Framing effect (psychology)

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The framing effect is an example of cognitive bias, in which people react to a particular choice in different ways depending on whether it is presented as a loss or as a gain.[1] People tend to avoid risk when a positive frame is presented but seek risks when a negative frame is presented.[2] Gain and loss are defined in the scenario as descriptions of outcomes (e.g. lives lost or saved, disease patients treated and not treated, lives saved and lost during accidents, etc.).

Prospect theory shows that a loss is more significant than the equivalent gain,[2] that a sure gain (certainty effect and pseudocertainty effect) is favored over a probabilistic gain,[3] and that a probabilistic loss is preferred to a definite loss.[2] One of the dangers of framing effects is that people are often provided with options within the context of only one of the two frames.[4]

The concept helps to develop an understanding of frame analysis within social movements, and also in the formation of political opinion where spin plays a large role in political opinion polls that are framed to encourage a response beneficial to the organization that has commissioned the poll. It has been suggested that the use of the technique is discrediting political polls themselves.[5] The effect reduces, or even eliminates, if ample, credible information is provided to people.[5]

Research[edit]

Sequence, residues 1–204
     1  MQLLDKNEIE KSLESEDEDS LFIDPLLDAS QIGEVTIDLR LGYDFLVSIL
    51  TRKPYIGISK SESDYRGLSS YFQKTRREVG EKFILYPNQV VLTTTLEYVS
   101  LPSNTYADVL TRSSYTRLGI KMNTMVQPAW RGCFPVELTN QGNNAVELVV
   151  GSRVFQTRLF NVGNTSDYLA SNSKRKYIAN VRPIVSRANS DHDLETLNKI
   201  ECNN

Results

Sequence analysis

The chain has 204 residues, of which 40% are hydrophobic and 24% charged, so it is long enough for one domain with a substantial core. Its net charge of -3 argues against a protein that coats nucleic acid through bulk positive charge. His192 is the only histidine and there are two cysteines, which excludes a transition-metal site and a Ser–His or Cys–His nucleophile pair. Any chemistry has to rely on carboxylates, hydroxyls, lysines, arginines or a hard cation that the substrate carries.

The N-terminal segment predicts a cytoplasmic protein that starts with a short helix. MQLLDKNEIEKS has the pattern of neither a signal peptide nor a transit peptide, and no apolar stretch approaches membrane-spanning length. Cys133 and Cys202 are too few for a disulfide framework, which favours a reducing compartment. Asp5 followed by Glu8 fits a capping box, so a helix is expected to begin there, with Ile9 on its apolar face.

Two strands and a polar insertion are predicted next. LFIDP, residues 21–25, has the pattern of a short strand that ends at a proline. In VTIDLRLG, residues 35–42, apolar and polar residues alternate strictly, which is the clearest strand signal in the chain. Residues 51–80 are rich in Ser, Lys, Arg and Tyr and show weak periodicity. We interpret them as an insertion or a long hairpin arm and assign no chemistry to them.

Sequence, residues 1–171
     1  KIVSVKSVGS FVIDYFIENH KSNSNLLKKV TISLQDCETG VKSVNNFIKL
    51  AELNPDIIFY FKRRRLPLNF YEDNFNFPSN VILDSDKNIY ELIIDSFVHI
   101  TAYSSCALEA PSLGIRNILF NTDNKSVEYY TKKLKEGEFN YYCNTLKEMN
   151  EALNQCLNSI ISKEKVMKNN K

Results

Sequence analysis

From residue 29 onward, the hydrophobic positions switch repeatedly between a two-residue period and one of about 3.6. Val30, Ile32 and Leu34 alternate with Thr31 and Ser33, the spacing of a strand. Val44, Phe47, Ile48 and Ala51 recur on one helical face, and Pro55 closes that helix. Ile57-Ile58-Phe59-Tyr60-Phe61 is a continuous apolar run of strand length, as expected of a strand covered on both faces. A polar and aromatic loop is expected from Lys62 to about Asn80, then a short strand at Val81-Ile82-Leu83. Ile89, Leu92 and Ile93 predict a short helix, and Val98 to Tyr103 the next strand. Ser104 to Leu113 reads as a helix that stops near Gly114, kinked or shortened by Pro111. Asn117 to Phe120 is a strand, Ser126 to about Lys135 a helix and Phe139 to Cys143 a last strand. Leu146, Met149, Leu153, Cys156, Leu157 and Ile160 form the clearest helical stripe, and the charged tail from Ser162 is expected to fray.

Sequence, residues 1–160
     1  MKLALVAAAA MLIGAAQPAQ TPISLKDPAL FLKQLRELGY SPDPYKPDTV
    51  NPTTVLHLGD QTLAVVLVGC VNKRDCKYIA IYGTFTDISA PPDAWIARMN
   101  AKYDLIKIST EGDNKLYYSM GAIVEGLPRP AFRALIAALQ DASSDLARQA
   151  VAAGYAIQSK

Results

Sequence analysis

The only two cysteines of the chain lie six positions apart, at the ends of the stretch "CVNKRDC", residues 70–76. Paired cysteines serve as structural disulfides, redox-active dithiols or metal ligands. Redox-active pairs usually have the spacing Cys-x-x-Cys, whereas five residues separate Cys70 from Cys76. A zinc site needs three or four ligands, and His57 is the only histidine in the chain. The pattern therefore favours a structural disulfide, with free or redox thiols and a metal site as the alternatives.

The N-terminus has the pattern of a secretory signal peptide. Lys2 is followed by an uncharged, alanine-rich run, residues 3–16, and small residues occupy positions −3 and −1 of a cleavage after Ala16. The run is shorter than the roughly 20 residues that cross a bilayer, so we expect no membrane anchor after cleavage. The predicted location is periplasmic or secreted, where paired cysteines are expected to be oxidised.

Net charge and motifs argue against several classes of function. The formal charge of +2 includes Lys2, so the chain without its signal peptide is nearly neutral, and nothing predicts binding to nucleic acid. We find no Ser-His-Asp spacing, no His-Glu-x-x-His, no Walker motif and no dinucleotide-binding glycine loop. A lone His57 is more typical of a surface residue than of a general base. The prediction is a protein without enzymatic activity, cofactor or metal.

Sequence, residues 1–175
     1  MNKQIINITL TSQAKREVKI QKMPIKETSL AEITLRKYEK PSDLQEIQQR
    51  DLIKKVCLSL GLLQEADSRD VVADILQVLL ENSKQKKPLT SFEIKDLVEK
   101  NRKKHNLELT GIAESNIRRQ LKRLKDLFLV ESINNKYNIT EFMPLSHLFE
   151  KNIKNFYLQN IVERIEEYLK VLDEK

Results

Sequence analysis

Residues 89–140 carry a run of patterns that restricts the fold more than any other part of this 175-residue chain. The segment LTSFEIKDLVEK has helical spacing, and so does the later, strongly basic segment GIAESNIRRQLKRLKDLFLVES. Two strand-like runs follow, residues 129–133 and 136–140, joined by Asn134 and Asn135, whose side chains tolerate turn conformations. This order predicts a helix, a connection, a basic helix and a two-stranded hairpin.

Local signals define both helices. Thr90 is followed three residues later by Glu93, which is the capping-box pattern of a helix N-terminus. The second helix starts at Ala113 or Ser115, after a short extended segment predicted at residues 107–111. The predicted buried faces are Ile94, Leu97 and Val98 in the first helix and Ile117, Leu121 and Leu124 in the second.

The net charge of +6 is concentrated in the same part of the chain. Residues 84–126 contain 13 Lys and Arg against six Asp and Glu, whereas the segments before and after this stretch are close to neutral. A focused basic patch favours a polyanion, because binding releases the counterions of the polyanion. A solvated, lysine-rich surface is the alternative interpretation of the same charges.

Amos Tversky and Daniel Kahneman explored how different phrasing affected participants' responses to a choice in a hypothetical life and death situation in 1981.[2]

Participants were asked to choose between two treatments for 600 people affected by a deadly disease. Treatment A was predicted to result in 400 deaths, whereas treatment B had a 33% chance that no one would die but a 66% chance that everyone would die. This choice was then presented to participants either with positive framing, i.e. how many people would live, or with negative framing, i.e. how many people would die.

Framing Treatment A Treatment B
Positive "Saves 200 lives" "A 33% chance of saving all 600 people, 66% possibility of saving no one."
Negative "400 people will die" "A 33% chance that no people will die, 66% probability that all 600 will die."

Treatment A was chosen by 72% of participants when it was presented with positive framing ("saves 200 lives") dropping to only 22% when the same choice was presented with negative framing ("400 people will die").

This effect has been shown in other contexts:

  • 93% of PhD students registered early when a penalty fee for late registration was emphasized, with only 67% doing so when this was presented as a discount for earlier registration.[6]
  • 62% of people disagreed with allowing "public condemnation of democracy", but only 46% of people agreed that it was right to "forbid public condemnation of democracy".[7]
  • More people will support an economic policy if the employment rate is emphasised than when the associated unemployment rates is highlighted.[5]
  • It has been argued that pretrial detention may increase a defendant's willingness to accept a plea bargain, since imprisonment, rather than freedom, will be his baseline, and pleading guilty will be viewed as an event that will cause his earlier release rather than as an event that will put him in prison.[8]